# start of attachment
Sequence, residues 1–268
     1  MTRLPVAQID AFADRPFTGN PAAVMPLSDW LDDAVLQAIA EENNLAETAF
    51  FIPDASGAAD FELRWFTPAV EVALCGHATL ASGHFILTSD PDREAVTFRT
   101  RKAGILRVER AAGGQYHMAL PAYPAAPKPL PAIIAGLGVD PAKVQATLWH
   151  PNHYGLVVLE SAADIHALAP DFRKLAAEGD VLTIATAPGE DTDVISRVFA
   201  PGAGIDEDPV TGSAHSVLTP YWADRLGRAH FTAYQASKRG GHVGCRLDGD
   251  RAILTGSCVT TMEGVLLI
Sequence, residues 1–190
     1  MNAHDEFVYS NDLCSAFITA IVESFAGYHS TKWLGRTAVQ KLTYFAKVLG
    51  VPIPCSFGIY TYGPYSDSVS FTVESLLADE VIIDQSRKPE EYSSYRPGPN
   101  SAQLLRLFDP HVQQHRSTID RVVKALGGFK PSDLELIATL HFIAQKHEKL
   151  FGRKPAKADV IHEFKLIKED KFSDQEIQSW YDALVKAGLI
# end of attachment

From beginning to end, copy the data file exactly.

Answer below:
Sequence, residues 1–268
     1  MTRLPVAQID AFADRPFTGN PAAVMPLSDW LDDAVLQAIA EENNLAETAF
    51  FIPDASGAAD FELRWFTPAV EVALCGHATL ASGHFILTSD PDREAVTFRT
   101  RKAGILRVER AAGGQYHMAL PAYPAAPKPL PAIIAGLGVD PAKVQATLWH
   151  PNHYGLVVLE SAADIHALAP DFRKLAAEGD VLTIATAPGE DTDVISRVFA
   201  PGAGIDEDPV TGSAHSVLTP YWADRLGRAH FTAYQASKRG GHVGCRLDGD
   251  RAILTGSCVT TMEGVLLI
Sequence, residues 1–190
     1  MNAHDEFVYS NDLCSAFITA IVESFAGYHS TKWLGRTAVQ KLTYFAKVLG
    51  VPIPCSFGIY TYGPYSDSVS FTVESLLADE VIIDQSRKPE EYSSYRPGPN
   101  SAQLLRLFDP HVQQHRSTID RVVKALGGFK PSDLELIATL HFIAQKHEKL
   151  FGRKPAKADV IHEFKLIKED KFSDQEIQSW YDALVKAGLI